However, a basic feature does not make a competent editor. This requires other user comforts such as multi-file edits, windowing mechanisms (including split windows), language syntax, external tool integration (spell checks, compilers, shell interaction), extensive customization to fit the user’s need, an usable in-built help system, and many more such features that make regular usage comfortable and transparent. And Vim does have all of these in abundance, with parity with Emacs in most of these areas in terms of feature completeness, and power.
The feeling I get from using Vim is really about efficiency and focus, while Emacs seems to exude more a sense of power. Both can be frustrating at times, often from over-abundance of features than anything else, and hidden functionality that takes years to internalize before returns are gained.
Vim and Emacs are both excellent editors, and share a lot in common. The complexity, feature-richness, and the high learning curve are the ones that stand out the most. Also, the vibrant community around both editors is a shared characteristic.
Editor wars aside, both are very competent and complex pieces of software, and will serve the user well, provided an investment is made in learning the unique interfaces that both exhibit.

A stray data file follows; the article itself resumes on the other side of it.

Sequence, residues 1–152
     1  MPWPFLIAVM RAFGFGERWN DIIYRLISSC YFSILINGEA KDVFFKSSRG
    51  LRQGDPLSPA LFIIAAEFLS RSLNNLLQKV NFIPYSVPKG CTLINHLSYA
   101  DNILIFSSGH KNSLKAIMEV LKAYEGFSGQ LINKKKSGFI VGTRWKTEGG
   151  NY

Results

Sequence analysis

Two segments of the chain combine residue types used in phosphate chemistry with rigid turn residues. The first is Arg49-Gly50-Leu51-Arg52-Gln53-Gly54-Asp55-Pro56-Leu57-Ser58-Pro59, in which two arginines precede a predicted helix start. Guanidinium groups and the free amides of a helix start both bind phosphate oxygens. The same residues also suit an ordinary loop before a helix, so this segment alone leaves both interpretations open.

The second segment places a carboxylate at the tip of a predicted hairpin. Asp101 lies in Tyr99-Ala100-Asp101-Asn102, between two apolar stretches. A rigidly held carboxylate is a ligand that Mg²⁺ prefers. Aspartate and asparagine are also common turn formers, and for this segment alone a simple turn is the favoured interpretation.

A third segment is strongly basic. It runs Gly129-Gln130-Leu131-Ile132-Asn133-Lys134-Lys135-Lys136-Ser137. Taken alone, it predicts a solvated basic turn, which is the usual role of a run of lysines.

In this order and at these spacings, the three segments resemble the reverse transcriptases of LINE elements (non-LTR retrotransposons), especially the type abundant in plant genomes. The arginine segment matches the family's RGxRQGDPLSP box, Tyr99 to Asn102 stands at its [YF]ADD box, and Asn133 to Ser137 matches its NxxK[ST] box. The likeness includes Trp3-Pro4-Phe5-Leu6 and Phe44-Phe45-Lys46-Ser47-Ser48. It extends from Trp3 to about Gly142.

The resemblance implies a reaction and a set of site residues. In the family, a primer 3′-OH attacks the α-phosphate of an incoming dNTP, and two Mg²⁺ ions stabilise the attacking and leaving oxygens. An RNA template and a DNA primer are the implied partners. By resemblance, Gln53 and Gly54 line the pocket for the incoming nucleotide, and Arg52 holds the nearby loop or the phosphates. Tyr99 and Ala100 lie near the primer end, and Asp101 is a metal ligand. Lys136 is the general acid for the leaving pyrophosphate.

As for me, I do not anticipate leaving the Emacs bandwagon any time soon — especially with significant investments now in the Orgmode work-flow that I have built up over the past few years. However, I do see Vim as another pro-tool in my toolbox, which is definitely going to get a lot more love and use in the days ahead.
The gnuplot graphing utility has always had excellent support for multiple terminal types. While the X11 terminal is a satisfactory GUI view for the graphs, I prefer to use the AquaTerm terminal on OSX as it is more ‘Mac-like’ and feels more natural.
Also, I do prefer to compile gnuplot by myself on OSX rather than downloading the pre-packaged binaries – as this gives me more control over the compilation (including getting around the stupid Apple readline bug – where Apple has essentially shipped a broken readline by using libedit to emulate the non-existent libreadline).
This local compile requires that AquaTerm be installed so that the library dependencies for aquaterm exists in:
and the corresponding headers are available at:
In addition, the AquaTerm.app itself resides in /Applications.
However, on OS X Snow Leopard, there is a catch – the version of AquaTerm is 32 bit, whereas the default compilation of gnuport results in a 64-bit version – which is not able to load the 32-bit libaquaterm dynamic libraries.
In such a case, the gnuplot compilation does succeed – however, the default terminal becomes the X11 version – which is back to square-one.
A darwinports port does exist for gnuplot – however, as mentioned in an earlier post, this port seems to depend on half of the port repository (i.e., a ton of stuff you do NOT want gets installed as well).
However, there is a easier way to get around this situation. Here’s how.
- First install the default binary for AquaTerm from SourceForge and install normally. This step is to basically setup the right folders and symlinks so that you do not have to muck with these later